Tile-based geodata processing using rasterio & Fiona
Tile-based geodata processing.
Mapchete processes raster and vector geodata in digestable chunks.
Processing larger amounts of data requires chunking the input data into smaller tiles and process them one by one. Python provides a lot of useful packages to process geodata like shapely or numpy. From within your process code you will have access to the geodata in the form of NumPy arrays for raster data or GeoJSON-like feature dictionaries for vector data.
Internally the processing job is split into tasks which can processed in parallel using either concurrent.futures or build task graphs and use dask to intelligently process either on the local machine or on a cluster.
With the help of fiona and rasterio Mapchete takes care about resampling and reprojecting geodata, applying your Python code to the tiles and writing the output either into a single file or into a directory of files organized in a WMTS-like tile pyramid. Details on tiling scheme and available map projections are outlined in the tiling documentation.
You need a .mapchete file for the process configuration. The configuration is based on the YAML syntax.
process: my_python_process.py # or a Python module path: mypythonpackage.myprocess zoom_levels: min: 0 max: 12 input: dem: /path/to/dem.tif land_polygons: /path/to/polygon/file.geojson output: format: PNG_hillshade path: /output/path pyramid: grid: mercator # process specific parameters resampling: cubic_spline
You also need either a .py file or a Python module path where you specify the process itself.
def execute(mp, resampling="nearest"): # Open elevation model. with mp.open("dem") as src: # Skip tile if there is no data available or read data into a NumPy array. if src.is_empty(1): return "empty" else: dem = src.read(1, resampling=resampling) # Create hillshade using a built-in hillshade function. hillshade = mp.hillshade(dem) # Clip with polygons from vector file and return result. with mp.open("land_polygons") as land_file: return mp.clip(hillshade, land_file.read())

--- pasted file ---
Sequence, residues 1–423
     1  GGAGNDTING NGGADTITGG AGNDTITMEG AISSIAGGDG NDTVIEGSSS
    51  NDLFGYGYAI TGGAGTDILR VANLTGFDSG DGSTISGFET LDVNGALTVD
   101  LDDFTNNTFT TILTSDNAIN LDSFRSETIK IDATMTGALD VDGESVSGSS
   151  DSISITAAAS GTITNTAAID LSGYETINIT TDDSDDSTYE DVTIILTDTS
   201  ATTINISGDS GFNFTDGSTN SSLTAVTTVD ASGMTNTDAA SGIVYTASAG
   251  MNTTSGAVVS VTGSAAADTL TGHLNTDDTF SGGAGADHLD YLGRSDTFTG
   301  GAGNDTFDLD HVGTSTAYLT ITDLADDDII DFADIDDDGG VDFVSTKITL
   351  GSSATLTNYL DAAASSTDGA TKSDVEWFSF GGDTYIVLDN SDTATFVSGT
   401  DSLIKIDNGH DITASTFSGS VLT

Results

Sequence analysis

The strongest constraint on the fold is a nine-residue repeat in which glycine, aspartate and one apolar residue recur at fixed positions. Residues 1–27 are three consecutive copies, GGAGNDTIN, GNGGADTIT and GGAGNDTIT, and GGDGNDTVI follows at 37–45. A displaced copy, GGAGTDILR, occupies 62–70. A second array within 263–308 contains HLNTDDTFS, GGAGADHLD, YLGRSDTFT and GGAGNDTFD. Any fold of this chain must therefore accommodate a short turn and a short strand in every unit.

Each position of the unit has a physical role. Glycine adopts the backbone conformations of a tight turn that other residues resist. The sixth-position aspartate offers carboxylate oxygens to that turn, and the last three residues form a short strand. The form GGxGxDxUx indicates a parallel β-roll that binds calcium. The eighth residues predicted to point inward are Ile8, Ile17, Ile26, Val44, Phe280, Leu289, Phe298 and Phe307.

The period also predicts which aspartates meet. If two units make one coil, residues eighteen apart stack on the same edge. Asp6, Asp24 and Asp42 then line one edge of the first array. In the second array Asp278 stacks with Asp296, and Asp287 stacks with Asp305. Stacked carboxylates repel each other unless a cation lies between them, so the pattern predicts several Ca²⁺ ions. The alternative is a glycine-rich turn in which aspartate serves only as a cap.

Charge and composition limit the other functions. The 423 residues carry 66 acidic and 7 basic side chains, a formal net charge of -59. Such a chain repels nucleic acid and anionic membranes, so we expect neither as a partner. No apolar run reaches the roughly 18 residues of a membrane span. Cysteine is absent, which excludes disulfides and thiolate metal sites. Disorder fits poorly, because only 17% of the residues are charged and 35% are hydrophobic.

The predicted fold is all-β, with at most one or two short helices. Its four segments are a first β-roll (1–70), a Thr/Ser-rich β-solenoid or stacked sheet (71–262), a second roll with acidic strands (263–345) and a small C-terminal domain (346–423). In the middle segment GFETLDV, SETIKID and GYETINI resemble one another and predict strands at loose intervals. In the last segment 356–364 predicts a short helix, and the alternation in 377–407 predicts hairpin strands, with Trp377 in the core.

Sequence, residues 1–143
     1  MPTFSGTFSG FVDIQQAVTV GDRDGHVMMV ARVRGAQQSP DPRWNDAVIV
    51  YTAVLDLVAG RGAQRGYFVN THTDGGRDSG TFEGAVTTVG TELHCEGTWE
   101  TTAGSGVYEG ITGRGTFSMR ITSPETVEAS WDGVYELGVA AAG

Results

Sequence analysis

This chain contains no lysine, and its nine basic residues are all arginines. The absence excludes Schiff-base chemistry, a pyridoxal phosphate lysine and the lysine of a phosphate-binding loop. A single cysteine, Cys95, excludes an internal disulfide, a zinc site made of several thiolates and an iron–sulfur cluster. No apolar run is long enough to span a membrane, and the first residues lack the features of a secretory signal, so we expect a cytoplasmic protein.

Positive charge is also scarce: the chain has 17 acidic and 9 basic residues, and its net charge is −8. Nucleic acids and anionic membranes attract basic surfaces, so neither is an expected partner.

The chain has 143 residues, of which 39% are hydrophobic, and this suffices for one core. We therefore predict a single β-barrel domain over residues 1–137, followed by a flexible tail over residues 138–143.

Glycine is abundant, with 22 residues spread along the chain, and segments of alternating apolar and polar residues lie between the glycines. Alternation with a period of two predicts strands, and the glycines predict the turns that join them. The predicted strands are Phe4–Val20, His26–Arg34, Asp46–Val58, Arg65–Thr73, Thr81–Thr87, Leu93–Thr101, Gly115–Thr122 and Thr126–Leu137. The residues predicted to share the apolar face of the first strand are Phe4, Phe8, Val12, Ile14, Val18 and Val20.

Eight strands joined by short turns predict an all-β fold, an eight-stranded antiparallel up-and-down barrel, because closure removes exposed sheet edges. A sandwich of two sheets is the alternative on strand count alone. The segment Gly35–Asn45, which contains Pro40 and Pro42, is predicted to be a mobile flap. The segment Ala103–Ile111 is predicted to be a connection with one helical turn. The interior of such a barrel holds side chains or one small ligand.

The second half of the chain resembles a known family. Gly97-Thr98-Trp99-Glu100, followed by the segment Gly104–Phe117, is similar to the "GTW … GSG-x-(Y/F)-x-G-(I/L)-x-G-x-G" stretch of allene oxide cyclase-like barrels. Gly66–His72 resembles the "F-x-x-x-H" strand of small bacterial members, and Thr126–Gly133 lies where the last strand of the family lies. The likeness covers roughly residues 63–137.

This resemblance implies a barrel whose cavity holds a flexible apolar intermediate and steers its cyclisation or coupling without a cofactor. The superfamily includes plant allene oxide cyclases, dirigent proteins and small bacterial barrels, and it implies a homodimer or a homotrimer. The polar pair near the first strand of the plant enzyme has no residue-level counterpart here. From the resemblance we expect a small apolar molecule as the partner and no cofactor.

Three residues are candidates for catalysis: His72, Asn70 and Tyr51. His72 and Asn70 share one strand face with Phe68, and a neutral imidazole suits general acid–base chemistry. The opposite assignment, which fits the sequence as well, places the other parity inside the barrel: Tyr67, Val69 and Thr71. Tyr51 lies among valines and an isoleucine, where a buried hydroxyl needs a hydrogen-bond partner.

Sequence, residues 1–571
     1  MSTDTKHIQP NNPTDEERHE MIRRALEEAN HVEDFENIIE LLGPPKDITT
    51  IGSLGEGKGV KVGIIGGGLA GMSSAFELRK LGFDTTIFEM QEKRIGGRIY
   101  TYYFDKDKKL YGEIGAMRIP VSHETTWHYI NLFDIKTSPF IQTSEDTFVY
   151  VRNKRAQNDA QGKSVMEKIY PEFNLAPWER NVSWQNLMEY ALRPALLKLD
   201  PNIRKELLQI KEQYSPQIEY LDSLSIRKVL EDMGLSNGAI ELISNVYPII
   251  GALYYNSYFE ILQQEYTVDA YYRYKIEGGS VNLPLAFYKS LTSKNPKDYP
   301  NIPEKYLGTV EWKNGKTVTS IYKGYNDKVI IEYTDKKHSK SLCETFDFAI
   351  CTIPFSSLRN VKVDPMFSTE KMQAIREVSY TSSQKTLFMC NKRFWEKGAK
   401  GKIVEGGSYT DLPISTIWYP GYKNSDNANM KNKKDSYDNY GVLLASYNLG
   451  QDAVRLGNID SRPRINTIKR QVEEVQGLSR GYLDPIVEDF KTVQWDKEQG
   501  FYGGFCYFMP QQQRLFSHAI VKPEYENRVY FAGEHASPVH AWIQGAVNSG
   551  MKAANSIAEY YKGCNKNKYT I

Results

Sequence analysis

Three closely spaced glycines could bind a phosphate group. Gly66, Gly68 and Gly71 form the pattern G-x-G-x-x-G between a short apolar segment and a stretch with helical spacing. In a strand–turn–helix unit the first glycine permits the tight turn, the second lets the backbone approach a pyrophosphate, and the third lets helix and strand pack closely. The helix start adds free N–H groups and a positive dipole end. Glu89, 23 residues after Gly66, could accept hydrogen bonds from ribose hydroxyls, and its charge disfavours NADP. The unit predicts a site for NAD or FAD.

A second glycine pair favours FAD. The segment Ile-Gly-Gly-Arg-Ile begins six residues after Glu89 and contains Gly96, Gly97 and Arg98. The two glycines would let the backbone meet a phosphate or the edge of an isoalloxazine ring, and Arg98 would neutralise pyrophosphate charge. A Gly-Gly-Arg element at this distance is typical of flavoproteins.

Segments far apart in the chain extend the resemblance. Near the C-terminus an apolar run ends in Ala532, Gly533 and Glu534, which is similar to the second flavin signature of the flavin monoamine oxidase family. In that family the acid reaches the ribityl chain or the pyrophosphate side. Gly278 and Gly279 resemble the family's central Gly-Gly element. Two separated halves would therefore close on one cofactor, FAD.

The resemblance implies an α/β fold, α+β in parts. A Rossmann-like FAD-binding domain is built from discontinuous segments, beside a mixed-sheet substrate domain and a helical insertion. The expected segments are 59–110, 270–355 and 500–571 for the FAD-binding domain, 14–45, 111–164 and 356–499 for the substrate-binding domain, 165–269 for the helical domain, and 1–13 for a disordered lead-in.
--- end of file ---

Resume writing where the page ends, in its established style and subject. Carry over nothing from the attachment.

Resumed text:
You can then interactively inspect the process output directly on a map in a browser (first, install dependencies by pip install mapchete[serve] go to localhost:5000):
$ mapchete serve hillshade.mapchete --memory
The serve tool recognizes changes in your process configuration or in the process file. If you edit one of these, just refresh the browser and inspect the changes (note: use the --memory flag to make sure to reprocess each tile and turn off browser caching).
Once you are done with editing, batch process everything using the execute tool.
$ mapchete execute hillshade.mapchete
There are many more options such as zoom-dependent process parameters, metatiling, tile buffers or interpolating from an existing output of a higher zoom level. For deeper insights, please go to the documentation.
Mapchete is used in many preprocessing steps for the EOX Maps layers:
Merge multiple DEMs into one global DEM.
Create a customized relief shade for the Terrain Layer.
Generalize landmasks & coastline from OSM for multiple zoom levels.
Extract cloudless pixel for Sentinel-2 cloudless.
$ pip install mapchete
$ git clone email@example.com:ungarj/mapchete.git && cd mapchete $ pip install .
To make sure Rasterio, Fiona and Shapely are properly built against your local GDAL and GEOS installations, don’t install the binaries but build them on your system:
$ pip install --upgrade rasterio fiona shapely --no-binary :all:
To keep the core dependencies minimal if you install mapchete using pip, some features are only available if you manually install additional dependencies:
# for contour extraction: $ pip install mapchete[contours] # for dask processing: $ pip install mapchete[dask] # for S3 bucket reading and writing: $ pip install mapchete[s3] # for mapchete serve: $ pip install mapchete[serve] # for VRT generation: $ pip install mapchete[vrt]
Copyright (c) 2015 - 2022 EOX IT Services
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